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#200: THE SADNESS OF ALL THIS. Like Norman Shapiro’s translations of Theophile Gautier, Richard Howard’s 2003 translations of the verse of Maurice Maeterlinck offer the chance to recover a poet now quite forgotten to English-language readers. If you can recall the old catchphrase “the bluebird of happiness,” you are pulling up words from Maeterlink’s once famous play “The Blue Bird”; the entomologically-minded will know he did a widely-read book, The Secret Life of Bees; opera fans will know that his play “Pelleas and Melisande” was turned into an opera by Debussy. (Maeterlinck had great luck with composers: his works were set by Honegger, Dukas, Rachmaninoff, Schoenberg, and a raft of others.) He won the Nobel in 1911. But on the scales of the forgotten, Gautier by comparison now seems almost a marquee star. The later part of Maeterlinck’s career was blighted by a (justified) charge of plagiarism; and he does not seem to have been a person well-equipped to deal with the world as it is (he was offered a title as a count, but forgot to fill out the paperwork).

Serres Chaudes (translated by Howard as Hothouses) was published in 1889 but seems to pull a good deal of nineteenth-century French poetry along behind it. (Maeterlinck was Belgian, born in Ghent, but did all of his literary work in French.) Maeterlinck was diagnosed as neurasthenic, but neurasthenia—in its literary manifestation, a severe, claustrophobic sense of the distance between the everyday and the ideal—seems almost the natural state of so much verse of the time. The work of Nerval, Baudelaire, Verlaine, Mallarme: Jean Valjean’s famous odyssey through the sewers of Paris is not darker or more enclosing. Indeed, the poems of Hothouses were ill-received at the time: seen as “the very decadence of Decadence,” in Howard’s phrase. So I was a bit surprised when I found myself taken up with them. For the first few pages I was reading them more or less historically: noticing how much they were of their day, and certainly noticing the resemblance of the formal poems to Verlaine. But I soon found myself reading the poems aloud, and falling in with their forlorn music, the lovely rhymes, their almost voluptuous sense of grief and repentance: “la tristesse de tout cela,” one poem ends: “the sadness of all this.” Maeterlinck has his crowd of vivid symbolic images—sometimes almost too many, like the farm animals flying around in the tornado in the movie of “The Wizard of Oz.” But here too I found myself surrendering to them. And reading Richard Howard’s non-metrical versions have an interest of their own: they’re like a mini-course in the challenges of rendering French verse in English. If the book were any longer it would probably all get to seem a bit much—as it is, it seemed a wonderful short visit, not to another time and country, but almost to another planet.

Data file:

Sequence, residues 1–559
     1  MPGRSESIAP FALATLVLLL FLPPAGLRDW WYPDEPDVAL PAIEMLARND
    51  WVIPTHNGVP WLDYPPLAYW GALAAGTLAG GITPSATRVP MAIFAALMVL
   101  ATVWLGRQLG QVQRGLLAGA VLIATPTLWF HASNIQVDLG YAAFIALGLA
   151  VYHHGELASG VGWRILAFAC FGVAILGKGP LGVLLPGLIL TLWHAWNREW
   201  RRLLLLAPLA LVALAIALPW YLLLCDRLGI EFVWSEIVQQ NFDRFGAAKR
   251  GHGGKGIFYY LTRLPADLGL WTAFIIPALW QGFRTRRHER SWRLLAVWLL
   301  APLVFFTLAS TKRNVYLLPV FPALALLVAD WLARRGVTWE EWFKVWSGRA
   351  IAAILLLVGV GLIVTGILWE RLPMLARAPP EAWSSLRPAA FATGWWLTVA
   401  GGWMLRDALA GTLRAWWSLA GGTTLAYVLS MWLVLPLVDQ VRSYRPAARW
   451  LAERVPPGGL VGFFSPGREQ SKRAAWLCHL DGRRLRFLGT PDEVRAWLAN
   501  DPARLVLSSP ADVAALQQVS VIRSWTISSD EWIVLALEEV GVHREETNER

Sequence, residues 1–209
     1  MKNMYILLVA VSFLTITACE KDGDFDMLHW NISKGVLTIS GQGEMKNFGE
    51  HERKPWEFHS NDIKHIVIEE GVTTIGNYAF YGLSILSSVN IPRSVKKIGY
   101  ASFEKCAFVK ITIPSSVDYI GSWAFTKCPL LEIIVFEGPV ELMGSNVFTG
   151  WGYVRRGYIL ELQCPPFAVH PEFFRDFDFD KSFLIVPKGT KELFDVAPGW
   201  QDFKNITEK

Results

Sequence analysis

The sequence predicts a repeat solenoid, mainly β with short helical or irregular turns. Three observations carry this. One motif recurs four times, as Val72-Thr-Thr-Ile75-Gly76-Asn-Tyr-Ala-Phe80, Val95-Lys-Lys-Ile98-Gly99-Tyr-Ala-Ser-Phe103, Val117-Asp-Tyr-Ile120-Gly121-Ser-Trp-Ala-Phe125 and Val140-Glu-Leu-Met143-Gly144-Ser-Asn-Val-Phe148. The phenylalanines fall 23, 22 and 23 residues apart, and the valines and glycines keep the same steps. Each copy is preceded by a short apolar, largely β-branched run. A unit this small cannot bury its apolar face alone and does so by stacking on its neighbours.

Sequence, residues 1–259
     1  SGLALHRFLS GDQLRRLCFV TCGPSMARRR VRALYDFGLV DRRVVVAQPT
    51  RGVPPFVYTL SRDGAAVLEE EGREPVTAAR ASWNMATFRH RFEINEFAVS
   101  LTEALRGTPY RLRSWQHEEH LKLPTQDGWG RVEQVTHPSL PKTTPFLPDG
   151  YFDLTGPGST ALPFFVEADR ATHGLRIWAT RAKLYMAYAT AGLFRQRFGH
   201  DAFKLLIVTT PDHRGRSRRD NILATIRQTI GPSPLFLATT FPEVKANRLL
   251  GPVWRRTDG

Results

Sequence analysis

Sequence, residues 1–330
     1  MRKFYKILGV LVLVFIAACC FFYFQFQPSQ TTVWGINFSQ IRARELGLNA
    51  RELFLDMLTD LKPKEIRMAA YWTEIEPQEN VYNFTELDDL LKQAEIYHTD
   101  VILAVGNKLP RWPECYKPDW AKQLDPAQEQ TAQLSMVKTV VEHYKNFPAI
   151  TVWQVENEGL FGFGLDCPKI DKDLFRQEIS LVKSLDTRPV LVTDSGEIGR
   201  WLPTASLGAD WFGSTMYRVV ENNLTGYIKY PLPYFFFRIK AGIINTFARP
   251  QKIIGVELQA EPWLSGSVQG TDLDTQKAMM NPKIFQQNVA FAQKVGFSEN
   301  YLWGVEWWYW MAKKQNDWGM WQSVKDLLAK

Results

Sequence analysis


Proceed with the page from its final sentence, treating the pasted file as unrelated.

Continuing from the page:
Hothouses, by Maurice Maeterlinck (Princteon University Press, 2003). If you get interested and would like another visit to planet Maeterlinck, a lovely silent film version of his play “L’Oiseau Bleu” (“The Blue Bird”), directed by Maurice Tourneur, himself a prolific and forgotten director in the days of silent film, can be seen on Youtube. It dawdles along a bit, but it too is charming and redolent of its time.


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